Comments on: Disclosing economists’ conflicts http://blogs.reuters.com/felix-salmon/2010/11/08/disclosing-economists-conflicts/ A slice of lime in the soda Sun, 26 Oct 2014 19:05:02 +0000 hourly 1 http://wordpress.org/?v=4.2.5 By: MattR http://blogs.reuters.com/felix-salmon/2010/11/08/disclosing-economists-conflicts/comment-page-1/#comment-20675 Fri, 12 Nov 2010 18:11:10 +0000 http://blogs.reuters.com/felix-salmon/?p=6040#comment-20675 Steve – then Felix needs to be a whole lot clearer. Can you see how this quote about Krugman (especially the second half) might lead to my confusion?

“Yet at the same time he had no problem accepting such fees as an economist, and I’m quite sure he never disclosed those fees when he was writing academic papers on financial subjects.”

]]>
By: Dollared http://blogs.reuters.com/felix-salmon/2010/11/08/disclosing-economists-conflicts/comment-page-1/#comment-20546 Tue, 09 Nov 2010 18:06:48 +0000 http://blogs.reuters.com/felix-salmon/?p=6040#comment-20546 Thanks, Felix. That this even needs to be mentioned is proof of how far our ethical standards have fallen.

What I would love to explore (academically, of course) is two factors that make this type of bribery all the more effective: 1) the increasing divergence between journalistic, public sector and academic salaries (low) and consulting fees, honoraria, etc. from large institutions (damn large – what did Summers get for working for that hedge fund one day per week?); and 2) general asset inflation, of housing in particular. Useta-be that a professor could afford a house in the town of Princeton on his/her post-tenure salary. Not so much anymore, so you gotta make that $500k somewhere else. Likewise SEC attorneys in Manhattan or San Francisco, or reporters for mid-size newspapers.

My hypothesis is that income inequality and two tiered standards of living create the fundamental material basis for corruption. If people in these roles cannot independently perform their functions AND afford to own a home and send their kids to Dartmouth, we have system failure. The subtle but overwhelming pressure to find a solution to house-and-college will produce either direct corruption or a lifetime of careful kowtowing to power and money in order to not jeopardize that exit to the private sector.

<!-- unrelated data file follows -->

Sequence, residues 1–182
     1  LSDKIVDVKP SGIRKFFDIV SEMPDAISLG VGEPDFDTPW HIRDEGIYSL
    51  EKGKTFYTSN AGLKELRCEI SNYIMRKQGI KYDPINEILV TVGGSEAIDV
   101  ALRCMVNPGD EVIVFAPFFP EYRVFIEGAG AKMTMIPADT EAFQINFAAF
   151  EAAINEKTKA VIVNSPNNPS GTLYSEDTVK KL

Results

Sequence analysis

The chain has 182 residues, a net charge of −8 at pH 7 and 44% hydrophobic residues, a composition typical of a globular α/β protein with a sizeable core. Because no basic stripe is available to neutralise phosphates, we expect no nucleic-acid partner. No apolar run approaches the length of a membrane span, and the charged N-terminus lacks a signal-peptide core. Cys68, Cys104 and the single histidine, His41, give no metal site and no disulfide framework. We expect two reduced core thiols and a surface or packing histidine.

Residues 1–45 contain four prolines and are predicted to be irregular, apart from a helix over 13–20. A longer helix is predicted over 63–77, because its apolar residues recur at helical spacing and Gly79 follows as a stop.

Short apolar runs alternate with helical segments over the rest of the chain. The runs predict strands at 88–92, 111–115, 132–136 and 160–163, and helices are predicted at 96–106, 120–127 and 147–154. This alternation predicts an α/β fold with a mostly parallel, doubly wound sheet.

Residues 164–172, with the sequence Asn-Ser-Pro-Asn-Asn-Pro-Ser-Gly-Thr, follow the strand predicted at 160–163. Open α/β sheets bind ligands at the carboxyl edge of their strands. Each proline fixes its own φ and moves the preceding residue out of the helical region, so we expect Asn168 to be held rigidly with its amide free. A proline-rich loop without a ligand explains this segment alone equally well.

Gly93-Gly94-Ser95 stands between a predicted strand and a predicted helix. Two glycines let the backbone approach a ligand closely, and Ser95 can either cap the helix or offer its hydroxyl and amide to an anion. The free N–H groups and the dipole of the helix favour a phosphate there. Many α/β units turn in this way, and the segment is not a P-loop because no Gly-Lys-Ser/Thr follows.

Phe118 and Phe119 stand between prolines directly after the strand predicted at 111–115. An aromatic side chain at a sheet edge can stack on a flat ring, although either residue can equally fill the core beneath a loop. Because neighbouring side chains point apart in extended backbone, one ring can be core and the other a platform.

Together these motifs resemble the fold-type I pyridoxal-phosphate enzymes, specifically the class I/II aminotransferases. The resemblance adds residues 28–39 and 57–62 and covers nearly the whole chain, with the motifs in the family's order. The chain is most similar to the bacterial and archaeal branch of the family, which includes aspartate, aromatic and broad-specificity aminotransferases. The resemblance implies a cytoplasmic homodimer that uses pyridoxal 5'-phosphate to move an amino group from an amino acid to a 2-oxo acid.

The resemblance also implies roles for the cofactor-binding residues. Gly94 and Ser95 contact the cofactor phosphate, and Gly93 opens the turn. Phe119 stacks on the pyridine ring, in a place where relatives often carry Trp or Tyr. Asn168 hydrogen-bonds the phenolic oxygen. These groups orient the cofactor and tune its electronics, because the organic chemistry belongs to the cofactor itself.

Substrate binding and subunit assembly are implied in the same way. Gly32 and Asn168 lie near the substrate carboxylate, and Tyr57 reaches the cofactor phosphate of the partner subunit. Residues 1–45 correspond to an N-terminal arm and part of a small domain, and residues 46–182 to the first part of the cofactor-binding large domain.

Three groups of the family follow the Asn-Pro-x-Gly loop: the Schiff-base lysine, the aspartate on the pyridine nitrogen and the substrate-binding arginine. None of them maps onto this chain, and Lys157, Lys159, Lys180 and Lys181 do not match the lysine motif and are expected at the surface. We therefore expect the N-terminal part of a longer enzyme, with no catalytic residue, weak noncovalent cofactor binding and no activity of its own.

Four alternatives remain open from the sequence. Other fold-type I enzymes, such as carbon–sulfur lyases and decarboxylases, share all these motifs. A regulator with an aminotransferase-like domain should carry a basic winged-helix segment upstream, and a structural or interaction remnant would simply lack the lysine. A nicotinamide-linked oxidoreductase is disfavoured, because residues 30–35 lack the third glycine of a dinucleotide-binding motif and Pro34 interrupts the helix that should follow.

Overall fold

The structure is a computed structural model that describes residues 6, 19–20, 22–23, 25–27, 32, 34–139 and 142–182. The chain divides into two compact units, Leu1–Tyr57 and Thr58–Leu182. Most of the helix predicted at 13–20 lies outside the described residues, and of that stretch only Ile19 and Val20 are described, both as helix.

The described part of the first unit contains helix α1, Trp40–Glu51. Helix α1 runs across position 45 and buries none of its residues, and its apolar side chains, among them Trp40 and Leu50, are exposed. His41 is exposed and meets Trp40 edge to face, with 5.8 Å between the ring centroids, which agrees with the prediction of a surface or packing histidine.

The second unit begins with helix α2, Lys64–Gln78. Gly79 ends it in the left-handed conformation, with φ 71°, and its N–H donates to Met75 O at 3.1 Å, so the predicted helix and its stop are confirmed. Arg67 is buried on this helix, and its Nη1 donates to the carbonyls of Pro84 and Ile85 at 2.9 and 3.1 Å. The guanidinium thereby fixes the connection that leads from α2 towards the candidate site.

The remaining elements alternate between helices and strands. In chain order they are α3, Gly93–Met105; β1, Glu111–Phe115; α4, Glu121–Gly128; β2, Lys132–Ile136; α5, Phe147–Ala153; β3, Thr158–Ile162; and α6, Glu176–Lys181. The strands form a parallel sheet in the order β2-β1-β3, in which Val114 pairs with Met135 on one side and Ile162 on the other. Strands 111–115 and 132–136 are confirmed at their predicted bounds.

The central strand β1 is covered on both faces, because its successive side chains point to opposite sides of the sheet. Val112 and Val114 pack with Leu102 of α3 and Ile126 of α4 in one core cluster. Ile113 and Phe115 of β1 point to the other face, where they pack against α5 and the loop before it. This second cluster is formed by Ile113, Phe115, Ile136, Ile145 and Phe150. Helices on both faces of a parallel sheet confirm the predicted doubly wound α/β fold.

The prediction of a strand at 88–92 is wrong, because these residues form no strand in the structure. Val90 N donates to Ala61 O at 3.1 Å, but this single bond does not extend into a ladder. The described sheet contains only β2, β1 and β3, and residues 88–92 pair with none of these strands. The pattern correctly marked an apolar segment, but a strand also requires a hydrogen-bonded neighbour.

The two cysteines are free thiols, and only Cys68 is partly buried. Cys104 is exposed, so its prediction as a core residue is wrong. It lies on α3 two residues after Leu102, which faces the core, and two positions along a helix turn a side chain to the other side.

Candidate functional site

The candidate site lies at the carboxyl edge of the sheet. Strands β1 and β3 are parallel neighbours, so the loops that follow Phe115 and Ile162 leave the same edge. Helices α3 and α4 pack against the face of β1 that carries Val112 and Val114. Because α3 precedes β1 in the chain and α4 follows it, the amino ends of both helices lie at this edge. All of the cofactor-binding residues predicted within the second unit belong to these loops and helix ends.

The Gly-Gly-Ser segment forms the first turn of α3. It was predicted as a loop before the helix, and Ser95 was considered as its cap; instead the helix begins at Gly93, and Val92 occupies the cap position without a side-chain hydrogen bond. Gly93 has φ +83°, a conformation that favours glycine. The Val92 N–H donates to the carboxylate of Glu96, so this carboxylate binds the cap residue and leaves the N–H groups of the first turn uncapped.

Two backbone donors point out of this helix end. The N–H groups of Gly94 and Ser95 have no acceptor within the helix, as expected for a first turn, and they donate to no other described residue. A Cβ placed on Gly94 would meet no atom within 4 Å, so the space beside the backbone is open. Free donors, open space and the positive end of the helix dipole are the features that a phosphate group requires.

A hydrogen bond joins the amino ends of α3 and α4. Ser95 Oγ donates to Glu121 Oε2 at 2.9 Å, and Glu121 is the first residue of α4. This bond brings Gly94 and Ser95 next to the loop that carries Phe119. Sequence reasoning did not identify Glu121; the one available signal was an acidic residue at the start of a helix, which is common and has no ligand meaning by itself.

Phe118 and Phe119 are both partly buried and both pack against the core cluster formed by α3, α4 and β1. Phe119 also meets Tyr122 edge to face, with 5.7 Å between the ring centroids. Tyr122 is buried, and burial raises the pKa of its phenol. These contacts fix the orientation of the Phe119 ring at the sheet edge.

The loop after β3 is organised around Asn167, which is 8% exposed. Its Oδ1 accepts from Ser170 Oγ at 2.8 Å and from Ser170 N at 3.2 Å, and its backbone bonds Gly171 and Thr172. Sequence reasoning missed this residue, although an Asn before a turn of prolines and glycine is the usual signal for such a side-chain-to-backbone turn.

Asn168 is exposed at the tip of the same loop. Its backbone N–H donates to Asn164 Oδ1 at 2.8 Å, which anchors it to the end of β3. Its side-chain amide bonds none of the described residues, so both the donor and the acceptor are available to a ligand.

In other words, you get Washington DC, 1990-2010. I would love to see people research this.

]]>
By: SteveHamlin http://blogs.reuters.com/felix-salmon/2010/11/08/disclosing-economists-conflicts/comment-page-1/#comment-20538 Tue, 09 Nov 2010 14:10:13 +0000 http://blogs.reuters.com/felix-salmon/?p=6040#comment-20538 @MattR: Felix’s point is referring to the public punditry that Krugman, et al, engage in – not peer-reviewed papers.

If Krugman was a academic economist, took large fees from private interests including primarily financial firms (more than his professorial salary), and wrote columns influencing public discourse about financial reform, then those large fees would inevitably influence his non-peer-reviewed punditry and shape his advocacy (conscious or not), and the public he is influencing deserves to know about those potential (I would say inherent) conflicts. Nothing to do with his academic research, per se.

]]>
By: MattR http://blogs.reuters.com/felix-salmon/2010/11/08/disclosing-economists-conflicts/comment-page-1/#comment-20433 Tue, 09 Nov 2010 00:02:04 +0000 http://blogs.reuters.com/felix-salmon/?p=6040#comment-20433 I hate to point out the false equivalence in an otherwise excellent post, but I don’t see how Paul Krugman writing academic papers that will be subject to peer review is comparable to academic economists speaking or writing for the media whose statements will never be fact checked.

]]>